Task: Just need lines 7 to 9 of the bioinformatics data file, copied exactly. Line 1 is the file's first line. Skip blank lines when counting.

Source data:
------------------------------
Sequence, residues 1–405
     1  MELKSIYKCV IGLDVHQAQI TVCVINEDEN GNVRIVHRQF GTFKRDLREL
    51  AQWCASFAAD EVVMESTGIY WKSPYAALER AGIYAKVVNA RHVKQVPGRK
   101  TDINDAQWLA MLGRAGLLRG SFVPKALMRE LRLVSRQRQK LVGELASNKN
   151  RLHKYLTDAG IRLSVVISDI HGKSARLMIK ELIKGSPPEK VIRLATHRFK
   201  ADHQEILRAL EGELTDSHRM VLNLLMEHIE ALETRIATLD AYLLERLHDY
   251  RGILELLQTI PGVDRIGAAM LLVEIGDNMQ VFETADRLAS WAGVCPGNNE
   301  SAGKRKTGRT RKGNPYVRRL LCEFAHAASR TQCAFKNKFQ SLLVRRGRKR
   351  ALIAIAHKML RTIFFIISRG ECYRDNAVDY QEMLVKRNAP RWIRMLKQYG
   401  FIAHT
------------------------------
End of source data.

   251  RGILELLQTI PGVDRIGAAM LLVEIGDNMQ VFETADRLAS WAGVCPGNNE
   301  SAGKRKTGRT RKGNPYVRRL LCEFAHAASR TQCAFKNKFQ SLLVRRGRKR
   351  ALIAIAHKML RTIFFIISRG ECYRDNAVDY QEMLVKRNAP RWIRMLKQYG